In a statement released today in Brisbane, Australia, Merilyn Haines issued a damning critique and analysis of the NHMRC’s 2017 “Sham” review of water fluoridation. See below summary of this 23-point critique of the National Health and Medical Research Council’s (a government agency) defense of this discredited policy. Haines explains that this is the latest attempt by the NHMRC to mislead the Australian public and decision-makers that water fluoridation is safe, effective and ethical.
According to Haines, “In order for this government agency to deliver a “rubber stamp” endorsement of government policy, it had to corrupt both science and the democratic process.
Haines hopes that when people see how the NHMRC has behaved in this matter there will be so much outcry from citizens and scientists – both inside Australia and around the world – that it will trigger a demand for a Royal Commission investigation of both the review itself and the need for establishing a non-governmental agency to objectively review the science underpinning controversial government public health and environmental policies.
Merilyn has asked us to get as many professionals as we can to write personal letters and emails to the Australian Ambassadors in their country (for forwarding to the Australian Prime Minister and the state premiers). In these short letters we ask that you provide:
- a) your professional credentials;b) how many years you have been following (or researching) this issue;
c) in a couple of sentences explain how shocked you are with the revelations in FAN Australia’s media release today, and how if left standing it will greatly impinge on the credibility of the Australian government.
As you know governments in fluoridating countries have the power to write biased reports like this and get away with it. However, they have less power to control their image outside the country. THEY NEED TO BE SHAMED and this is why we need your help. URGENTLY.
Please send in a letter (or email) as soon as you can to your Australian embassy (see contact details below) and a copy to us at: firstname.lastname@example.org
FAN Australia’s Media Release, Brisbane Australia, Aug. 3, 2017
A damning critique and analysis of the NHMRC’s 2017 “Sham” review of water fluoridation and appeal for Royal Commission Inquiry
NOTE: The release of this analysis is timed to correspond to the final deadline for public comments on the NHMRC review document (August 3, 2017).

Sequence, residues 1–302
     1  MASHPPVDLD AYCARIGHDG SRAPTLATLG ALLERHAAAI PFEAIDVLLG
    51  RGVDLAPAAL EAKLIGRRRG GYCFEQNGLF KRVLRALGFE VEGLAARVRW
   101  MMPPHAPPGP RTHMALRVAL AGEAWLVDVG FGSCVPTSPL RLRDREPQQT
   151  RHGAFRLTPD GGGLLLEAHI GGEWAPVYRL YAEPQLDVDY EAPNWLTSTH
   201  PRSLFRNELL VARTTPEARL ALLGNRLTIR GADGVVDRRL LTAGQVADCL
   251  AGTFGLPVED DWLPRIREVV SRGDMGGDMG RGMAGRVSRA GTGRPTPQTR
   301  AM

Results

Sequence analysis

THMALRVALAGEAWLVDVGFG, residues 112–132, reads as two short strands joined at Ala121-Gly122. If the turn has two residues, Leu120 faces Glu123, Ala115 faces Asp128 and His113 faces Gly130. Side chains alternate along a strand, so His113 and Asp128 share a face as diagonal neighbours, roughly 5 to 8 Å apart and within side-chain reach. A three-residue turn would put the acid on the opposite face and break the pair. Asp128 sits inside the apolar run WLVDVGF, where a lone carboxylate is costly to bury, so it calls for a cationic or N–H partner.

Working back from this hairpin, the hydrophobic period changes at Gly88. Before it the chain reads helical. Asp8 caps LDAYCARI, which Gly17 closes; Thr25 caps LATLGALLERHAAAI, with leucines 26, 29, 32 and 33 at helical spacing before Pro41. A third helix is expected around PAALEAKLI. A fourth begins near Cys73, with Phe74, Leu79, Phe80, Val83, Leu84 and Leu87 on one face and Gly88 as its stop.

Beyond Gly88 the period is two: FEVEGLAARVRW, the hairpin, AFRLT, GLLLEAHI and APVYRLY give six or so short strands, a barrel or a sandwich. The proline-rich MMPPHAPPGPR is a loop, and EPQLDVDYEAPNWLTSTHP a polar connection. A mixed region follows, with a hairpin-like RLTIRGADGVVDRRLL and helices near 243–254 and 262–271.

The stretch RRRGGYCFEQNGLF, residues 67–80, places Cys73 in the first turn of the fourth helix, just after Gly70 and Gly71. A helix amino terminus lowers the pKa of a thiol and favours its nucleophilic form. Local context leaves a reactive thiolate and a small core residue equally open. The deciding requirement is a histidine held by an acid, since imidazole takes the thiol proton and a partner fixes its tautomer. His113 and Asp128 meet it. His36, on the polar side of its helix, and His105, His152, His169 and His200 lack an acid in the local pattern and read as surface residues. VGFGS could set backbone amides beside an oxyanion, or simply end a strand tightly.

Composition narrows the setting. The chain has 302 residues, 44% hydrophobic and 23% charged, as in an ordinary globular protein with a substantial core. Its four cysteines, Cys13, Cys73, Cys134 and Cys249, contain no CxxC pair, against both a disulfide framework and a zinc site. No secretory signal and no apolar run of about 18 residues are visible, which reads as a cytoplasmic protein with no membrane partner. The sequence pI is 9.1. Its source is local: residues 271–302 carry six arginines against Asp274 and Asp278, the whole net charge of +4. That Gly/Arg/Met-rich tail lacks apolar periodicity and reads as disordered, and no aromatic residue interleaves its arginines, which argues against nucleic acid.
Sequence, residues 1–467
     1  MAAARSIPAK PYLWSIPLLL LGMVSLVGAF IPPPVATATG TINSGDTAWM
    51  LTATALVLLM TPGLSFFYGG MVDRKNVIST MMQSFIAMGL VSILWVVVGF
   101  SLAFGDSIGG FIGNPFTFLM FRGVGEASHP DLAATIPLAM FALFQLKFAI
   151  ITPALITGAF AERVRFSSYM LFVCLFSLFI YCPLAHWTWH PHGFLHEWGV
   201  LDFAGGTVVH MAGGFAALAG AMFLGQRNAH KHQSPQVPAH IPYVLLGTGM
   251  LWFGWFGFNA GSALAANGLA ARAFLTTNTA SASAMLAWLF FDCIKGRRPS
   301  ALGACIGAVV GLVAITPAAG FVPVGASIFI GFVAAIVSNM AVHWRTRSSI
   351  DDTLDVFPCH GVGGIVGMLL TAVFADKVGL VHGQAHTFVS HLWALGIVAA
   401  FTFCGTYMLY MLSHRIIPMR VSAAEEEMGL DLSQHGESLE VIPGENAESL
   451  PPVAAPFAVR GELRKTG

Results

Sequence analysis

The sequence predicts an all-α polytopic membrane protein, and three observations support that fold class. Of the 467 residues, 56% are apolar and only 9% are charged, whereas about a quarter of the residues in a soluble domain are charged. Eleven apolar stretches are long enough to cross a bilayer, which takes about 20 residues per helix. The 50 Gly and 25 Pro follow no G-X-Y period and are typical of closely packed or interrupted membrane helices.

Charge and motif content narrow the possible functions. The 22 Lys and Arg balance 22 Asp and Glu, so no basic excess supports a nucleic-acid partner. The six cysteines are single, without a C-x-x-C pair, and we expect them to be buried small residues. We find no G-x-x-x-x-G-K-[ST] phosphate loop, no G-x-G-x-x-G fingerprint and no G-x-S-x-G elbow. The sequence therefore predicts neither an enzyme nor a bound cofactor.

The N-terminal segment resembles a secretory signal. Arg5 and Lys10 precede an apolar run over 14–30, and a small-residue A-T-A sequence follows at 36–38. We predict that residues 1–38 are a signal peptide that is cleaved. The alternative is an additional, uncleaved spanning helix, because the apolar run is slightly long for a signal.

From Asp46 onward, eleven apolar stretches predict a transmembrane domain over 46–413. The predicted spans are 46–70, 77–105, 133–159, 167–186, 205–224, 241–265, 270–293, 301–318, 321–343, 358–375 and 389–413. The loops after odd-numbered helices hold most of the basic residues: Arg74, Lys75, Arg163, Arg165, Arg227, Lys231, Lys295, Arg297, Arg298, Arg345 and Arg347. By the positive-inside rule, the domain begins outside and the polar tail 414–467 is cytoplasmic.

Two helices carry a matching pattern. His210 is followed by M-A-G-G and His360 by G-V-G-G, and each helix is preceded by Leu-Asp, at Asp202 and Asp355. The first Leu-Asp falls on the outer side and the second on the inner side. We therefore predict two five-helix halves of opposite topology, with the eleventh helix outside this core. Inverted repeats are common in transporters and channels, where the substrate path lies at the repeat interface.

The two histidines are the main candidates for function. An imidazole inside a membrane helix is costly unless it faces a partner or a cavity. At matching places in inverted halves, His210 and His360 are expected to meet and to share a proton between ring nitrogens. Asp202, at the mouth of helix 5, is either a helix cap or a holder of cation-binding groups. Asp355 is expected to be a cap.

Today, on behalf the Fluoride Action Network Australia, Merilyn Haines called for a Royal Commission to investigate the manner in which the Australian government’s National Health and Medical Research Council (NHMRC) conducted a review of the safety, effectiveness and ethics of Water Fluoridation.
Haines charges that a) the 2017 NHMRC review of water fluoridation was unprofessional, unscientific, biased, highly selective, deeply flawed and prevented meaningful scientific and public input and b) other NHMRC activities – outside this review (see items 12 and 21 below) – clearly demonstrate a bias of the NHMRC (a federal government agency) in favor of both promoting and defending the practice of water fluoridation – a long-standing government policy.
In examining the manner in which the panelists were selected, the way studies were selected and excluded, the very limited opportunities for public participation and independent scientific input, Haines argues that it is hard to come to any other conclusion than that this review was designed simply to defend a long-standing government policy and not to genuinely examine the science (or lack of science) on which it is based. This is not the first time this has happened.
The NHMRC produced a very poor review in 2007 which received extensive criticism from independent scientists. To produce an even more biased and restrictive review in 2017 is even more egregious in lieu of the new science published (or updated) since 2007.
For example, on effectiveness, the 2015 Cochrane review (a gold standard when it comes to meta-analysis of health issues) found little in the way of high quality studies to demonstrate the effectiveness of fluoridation. On safety, there have now been over 300 published animal and human studies indicating that fluoride is neurotoxic. This large body of evidence has been largely ignored in the 2017 NHMRC review, even though it is being currently scrutinized by the National Institute of Health Sciences (NIEHS) and the National Toxicology Program (NTP) in the USA.
In this analysis, 23 specific examples of NHMRC manipulations have been documented. Many of these by themselves should disqualify the NHMRC 2017 review from serious consideration, but in combination should question the very existence of the NHMRC as a body that can be relied upon by the public and decision-makers to provide objective analysis of government policy.
Here are the 23 examples:
- Stacked the fluoride review committee with fluoridation lobbyists and advocates.
- Broke a promise that it would include experts opposed to fluoridation.
- Secretly commissioned a new study on dental effects (previously listed as “out of scope”), when the 2015 Cochrane Collaboration review didn’t deliver a convincing pro-fluoridation position.